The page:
Plastic, for example, contains bisphenol-A (commonly referred to as “BPA”). It’s been linked to a slew of issues, ranging from early-onset puberty in females to breast cancer and infertility. BPA is found in many plastic vessels, such as water bottles and food storage, as well as most canned goods.
To rid your kitchen of this near-ubiquitous chemical, consider making a couple switches. Glass containers are generally considered safer for food storage, and cling wrap can be swapped for reusable beeswax ones. And though about 90% of us have BPA in our system, it’s got a short lifespan and will exit shortly if eliminated.
If you’re interested in totally eliminating plastic, Onya Life put together a guide on how to do so in the kitchen and beyond.
Another potential source of chemicals, besides plastic?
Your eggs’ beloved non-stick pan.
Teflon contains perfluorinated chemicals, which have been suggested to be linked to cancer, thyroid diseases, and weakened immune systems. (When placed over high heat, the emitted chemicals also kills birds.) The safest high-heat alternatives are cast iron, ceramic, and glassware.
5. Quench your thirst with cleaner water
Don’t freak out: Tap water in the U.S. is still among the safest in the world. But relatively lax regulations allow for things like herbicides to seep into pipes and taint the quality of our most vital liquid. There have even been reports that the same chemicals found in Teflon recently contaminated the water in 27 states.
And bottled water threatens more than just BPA. One study found that 22% of tested brands contained chemicals that exceeded state health limits.
So what’s your best bet for keeping your kitchen pure, while also getting hydrated?
One option is to rely on a UV home water treatment. These install directly to the sink and ensure the water is safe for drinking. You could also use it in your pool for additional toxic prevention.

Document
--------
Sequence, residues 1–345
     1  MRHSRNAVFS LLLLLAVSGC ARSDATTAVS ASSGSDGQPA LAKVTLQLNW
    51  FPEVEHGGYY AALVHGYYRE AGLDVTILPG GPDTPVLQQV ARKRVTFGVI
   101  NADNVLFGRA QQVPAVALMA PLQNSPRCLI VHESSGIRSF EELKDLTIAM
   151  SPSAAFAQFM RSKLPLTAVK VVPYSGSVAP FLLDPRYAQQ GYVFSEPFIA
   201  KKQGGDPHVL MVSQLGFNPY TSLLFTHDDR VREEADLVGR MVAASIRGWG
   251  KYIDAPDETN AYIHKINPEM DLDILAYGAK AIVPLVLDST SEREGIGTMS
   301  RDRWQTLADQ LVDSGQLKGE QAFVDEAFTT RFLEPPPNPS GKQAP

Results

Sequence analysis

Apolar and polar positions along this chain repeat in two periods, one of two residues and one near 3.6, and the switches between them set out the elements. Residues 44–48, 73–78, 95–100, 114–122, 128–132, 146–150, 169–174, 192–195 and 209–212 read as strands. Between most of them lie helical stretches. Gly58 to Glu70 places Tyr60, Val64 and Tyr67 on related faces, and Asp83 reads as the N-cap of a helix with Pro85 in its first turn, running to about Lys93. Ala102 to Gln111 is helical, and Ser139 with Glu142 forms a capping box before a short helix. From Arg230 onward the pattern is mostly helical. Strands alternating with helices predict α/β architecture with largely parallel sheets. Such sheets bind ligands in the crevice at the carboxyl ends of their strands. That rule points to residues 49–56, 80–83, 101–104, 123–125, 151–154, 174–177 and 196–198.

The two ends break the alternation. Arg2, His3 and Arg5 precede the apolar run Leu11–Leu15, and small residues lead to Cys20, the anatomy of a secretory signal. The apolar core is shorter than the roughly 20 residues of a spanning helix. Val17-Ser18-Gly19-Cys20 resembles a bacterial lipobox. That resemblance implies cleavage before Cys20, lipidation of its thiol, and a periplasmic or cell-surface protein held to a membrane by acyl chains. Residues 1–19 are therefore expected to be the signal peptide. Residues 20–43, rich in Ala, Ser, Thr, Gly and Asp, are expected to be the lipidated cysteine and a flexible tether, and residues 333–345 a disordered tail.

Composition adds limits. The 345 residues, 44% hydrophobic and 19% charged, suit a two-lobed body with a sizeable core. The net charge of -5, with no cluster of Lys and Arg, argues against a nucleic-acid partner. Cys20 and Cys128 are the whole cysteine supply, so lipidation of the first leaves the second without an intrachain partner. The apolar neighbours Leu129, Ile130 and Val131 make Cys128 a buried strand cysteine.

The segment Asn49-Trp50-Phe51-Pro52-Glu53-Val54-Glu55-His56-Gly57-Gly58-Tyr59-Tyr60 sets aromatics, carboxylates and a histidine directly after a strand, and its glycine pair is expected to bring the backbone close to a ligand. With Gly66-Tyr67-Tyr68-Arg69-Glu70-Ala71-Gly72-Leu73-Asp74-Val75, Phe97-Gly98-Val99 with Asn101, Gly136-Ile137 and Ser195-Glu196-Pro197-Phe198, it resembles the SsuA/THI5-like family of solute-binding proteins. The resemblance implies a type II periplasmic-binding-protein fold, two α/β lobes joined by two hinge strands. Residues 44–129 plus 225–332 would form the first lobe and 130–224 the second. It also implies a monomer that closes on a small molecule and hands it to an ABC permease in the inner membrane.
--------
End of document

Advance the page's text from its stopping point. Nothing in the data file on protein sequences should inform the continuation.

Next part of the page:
Other purifying options include a solid block carbon filter, which fits under the sink and eliminates harmful contaminates without sacrificing beneficial minerals. Or you could also opt for a traditional portable filter (here are the best, ranked).
You can even filter the water in your shower – here’s how (and why).
6. Take a deep, purified breath
The air inside your home can be two to five times more polluted than its outdoor counterpart. Opening the doors and windows is one way to clean the air in your home.
But when it’s wintertime (or summer, and the A/C is cranking!), did you know you can also enlist the help of your beloved fern to eliminate indoor pollutants? The Boston Fern removes more formaldehyde than any other plant. Other go-green greens include peace lilies and the near-indestructible Golden Pothos.
Take it a step further and clean out your vents and air ducts (here’s how). Particularly sensitive types may want to invest in an air purifier, too. Even carpets may trap particles and create additional discomfort.
Going forward, remember to ventilate while cooking, eliminate odors with baking soda rather than processed air fresheners, and pay special attention to the air during cleaning, when dust is more likely to rise.
These six simple steps will restore your home to the haven it is, and likely reduce health risks to boot.
Top image via A Beautiful Mess
This article was written by Marie Nieves, a student, writer for writerzone.net, and a blogger who loves unusual trips, gadgets, and creative ideas. For her articles, she often consults decor specialists, home organization experts, and other blogger experts.